Of course the main event each day was the convention session itself, and we all looked forward to hearing from statesmen and heroes such as Ted Kennedy, Speaker Nancy Pelosi, the Clinton’s and the Obama’s. Michelle Obama’s remarks opening night, in which she introduced to America the Barack Obama she knows and loves, kicked things off just right. She had the audience eating out of her hand.
And the video tribute to Ted Kennedy, followed by his surprise appearance, left us at once grateful that the country has benefited from the leadership of the Kennedy family and a little sad than an era is coming to a close. It felt as if we were saying goodbye to an old friend, a friend we might never see again.
Tuesday night we heard from a pack of Democratic Governor’s. Montana Governor Schweitzer was the most memorable of the bunch, giving a stem-winder of a speech on energy that was direct, honest, funny and riveting. Tuesday was Hillary’s night, though, and she gave the speech of her life. She hit all the right notes and did everything she needed to do to unite the party, to demonstrate her commitment to the ticket, and to put the past behind us. For many us in the audience who’d waiting most of our lives to see a woman break through the hardest of all the glass ceilings, it was a bittersweet moment. Clinton’s persistence and competence on the issues forever opened the doors to American women. American politics will never be the same.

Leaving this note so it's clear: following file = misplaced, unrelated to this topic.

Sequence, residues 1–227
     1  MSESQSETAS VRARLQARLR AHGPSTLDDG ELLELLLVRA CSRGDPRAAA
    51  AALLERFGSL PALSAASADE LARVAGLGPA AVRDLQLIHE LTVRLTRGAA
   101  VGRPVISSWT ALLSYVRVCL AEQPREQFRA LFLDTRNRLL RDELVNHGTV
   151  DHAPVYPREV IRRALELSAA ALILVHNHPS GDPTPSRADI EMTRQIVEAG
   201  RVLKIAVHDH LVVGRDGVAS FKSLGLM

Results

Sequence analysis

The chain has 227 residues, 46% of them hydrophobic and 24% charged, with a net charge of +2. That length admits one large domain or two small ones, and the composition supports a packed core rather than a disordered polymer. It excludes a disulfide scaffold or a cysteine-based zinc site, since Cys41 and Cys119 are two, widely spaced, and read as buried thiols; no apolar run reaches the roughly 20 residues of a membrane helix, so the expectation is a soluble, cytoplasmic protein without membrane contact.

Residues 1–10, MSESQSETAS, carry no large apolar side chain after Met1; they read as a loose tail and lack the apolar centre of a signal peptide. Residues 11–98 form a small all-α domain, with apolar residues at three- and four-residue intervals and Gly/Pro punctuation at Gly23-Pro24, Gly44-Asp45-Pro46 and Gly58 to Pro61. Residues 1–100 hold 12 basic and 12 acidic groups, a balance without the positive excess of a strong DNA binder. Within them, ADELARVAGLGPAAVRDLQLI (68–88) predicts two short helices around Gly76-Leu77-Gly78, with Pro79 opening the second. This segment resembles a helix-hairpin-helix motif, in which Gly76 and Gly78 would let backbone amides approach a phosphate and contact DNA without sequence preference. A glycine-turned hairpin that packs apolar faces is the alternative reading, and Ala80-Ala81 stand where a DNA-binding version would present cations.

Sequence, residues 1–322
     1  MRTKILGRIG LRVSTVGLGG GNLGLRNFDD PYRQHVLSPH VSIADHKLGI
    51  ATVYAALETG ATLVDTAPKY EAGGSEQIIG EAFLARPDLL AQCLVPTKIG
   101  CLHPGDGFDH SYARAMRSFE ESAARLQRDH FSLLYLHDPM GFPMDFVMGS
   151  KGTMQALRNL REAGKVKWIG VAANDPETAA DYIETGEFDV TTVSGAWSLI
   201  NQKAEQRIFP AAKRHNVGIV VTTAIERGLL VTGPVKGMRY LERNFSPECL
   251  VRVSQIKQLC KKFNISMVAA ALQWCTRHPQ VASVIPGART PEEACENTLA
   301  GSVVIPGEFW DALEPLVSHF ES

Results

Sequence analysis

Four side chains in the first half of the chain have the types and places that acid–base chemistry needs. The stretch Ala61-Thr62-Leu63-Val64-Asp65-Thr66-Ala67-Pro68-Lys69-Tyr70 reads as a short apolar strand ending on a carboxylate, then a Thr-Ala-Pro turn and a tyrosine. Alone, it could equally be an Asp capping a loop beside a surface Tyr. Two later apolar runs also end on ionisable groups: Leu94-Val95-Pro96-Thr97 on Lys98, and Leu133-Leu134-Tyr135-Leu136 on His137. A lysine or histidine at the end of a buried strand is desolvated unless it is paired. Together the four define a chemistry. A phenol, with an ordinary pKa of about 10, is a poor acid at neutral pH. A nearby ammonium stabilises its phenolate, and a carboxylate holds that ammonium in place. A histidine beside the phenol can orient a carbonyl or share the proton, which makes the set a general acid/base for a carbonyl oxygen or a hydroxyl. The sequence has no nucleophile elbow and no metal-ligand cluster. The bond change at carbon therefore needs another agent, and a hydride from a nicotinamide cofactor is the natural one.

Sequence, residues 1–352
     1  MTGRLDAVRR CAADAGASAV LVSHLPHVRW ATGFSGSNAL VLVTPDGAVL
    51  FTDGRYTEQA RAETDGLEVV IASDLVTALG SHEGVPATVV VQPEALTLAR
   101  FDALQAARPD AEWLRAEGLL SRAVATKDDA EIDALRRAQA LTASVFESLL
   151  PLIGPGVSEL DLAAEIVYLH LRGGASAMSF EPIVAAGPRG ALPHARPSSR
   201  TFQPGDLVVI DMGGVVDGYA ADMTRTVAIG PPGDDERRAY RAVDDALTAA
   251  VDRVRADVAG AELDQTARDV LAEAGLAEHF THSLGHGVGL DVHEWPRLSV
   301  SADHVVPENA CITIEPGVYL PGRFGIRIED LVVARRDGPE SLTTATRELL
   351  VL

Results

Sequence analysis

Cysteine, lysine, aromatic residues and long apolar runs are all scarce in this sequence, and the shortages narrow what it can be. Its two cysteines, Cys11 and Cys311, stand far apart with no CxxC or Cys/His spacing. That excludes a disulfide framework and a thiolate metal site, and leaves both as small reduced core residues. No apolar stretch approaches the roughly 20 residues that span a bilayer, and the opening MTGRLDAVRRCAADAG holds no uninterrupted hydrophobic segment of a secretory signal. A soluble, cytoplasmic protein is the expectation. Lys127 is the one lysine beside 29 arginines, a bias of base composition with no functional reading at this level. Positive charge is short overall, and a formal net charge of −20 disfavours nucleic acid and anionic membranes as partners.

On Wednesday night, Bill Clinton reminded us afresh what it was like to have a President who was smart, competent, and focused on regular people instead of protecting the privileged. But the night belonged to Joe Biden. Beau Biden’s introduction of his Dad left no eye dry in the convention hall. Beau told the story of his mother’s death, and how his father took the train home from Washington to Delaware every night thereafter to tuck his two sons in. It was a story of familial love, first and foremost, but it was also the kind of story that tells us exactly what kind of man Joe Biden is---and why the country would be fortunate to have him as vice-president.
Thursday night was a night like no other. Barack Obama delivered as good an acceptance speech as any candidate has ever delivered. He hit the mark, driving home the message that after 8 long years it’s well-past time for a change. It was a memorable night and a memorable speech.
But the memories that will last the longest for me are those that reflect the barriers that are being shattered this year, particularly, a brief exchange I had that last night on Invesco Field. During that evening’s festivities, I sat next to an older African-American woman from Rocky Mount. Although I was far too polite to ask, I’m guessing she was in her late 70’s or early 80’s. She’d lived through Jim Crow and Martin Luther King, segregation and integration, and now was witnessing the nomination of Barack Obama for the presidency. Before Obama spoke, I leaned over and asked her if she’d ever thought she’d live to see this day. Her answer, as you might expect, was “No!” As she spoke, however, there was the slightest hesitation in her voice, as it she still couldn’t quite believe that it was really about to happen, that Obama would be the Democratic nominee for President of the United States.
Standing in that stadium, listening to the sound roar of history, you could almost feel the earth move. Win or lose, Obama’s nomination has changed America.